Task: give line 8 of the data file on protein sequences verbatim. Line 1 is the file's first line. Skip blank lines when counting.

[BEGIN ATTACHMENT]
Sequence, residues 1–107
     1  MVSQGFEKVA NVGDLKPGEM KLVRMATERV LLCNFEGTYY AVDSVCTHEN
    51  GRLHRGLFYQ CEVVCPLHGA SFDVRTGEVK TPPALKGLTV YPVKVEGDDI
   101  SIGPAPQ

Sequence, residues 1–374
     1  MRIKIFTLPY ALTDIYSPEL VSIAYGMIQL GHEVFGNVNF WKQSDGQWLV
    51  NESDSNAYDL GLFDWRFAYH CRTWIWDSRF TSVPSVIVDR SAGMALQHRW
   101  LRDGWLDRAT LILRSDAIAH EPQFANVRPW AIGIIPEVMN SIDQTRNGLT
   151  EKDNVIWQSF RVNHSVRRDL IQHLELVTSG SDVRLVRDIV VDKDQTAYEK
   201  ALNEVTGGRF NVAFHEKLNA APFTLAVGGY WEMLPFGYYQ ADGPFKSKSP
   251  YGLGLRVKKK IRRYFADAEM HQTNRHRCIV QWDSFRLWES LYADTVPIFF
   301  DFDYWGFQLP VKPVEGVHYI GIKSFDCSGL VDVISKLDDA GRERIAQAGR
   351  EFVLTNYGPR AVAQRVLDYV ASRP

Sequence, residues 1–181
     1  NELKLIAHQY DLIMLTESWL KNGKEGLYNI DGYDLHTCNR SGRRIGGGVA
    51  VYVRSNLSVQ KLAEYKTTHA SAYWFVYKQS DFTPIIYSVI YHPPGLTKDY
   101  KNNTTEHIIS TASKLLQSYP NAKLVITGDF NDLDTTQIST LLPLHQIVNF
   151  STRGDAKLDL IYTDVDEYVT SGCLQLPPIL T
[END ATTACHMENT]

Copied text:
   101  LRDGWLDRAT LILRSDAIAH EPQFANVRPW AIGIIPEVMN SIDQTRNGLT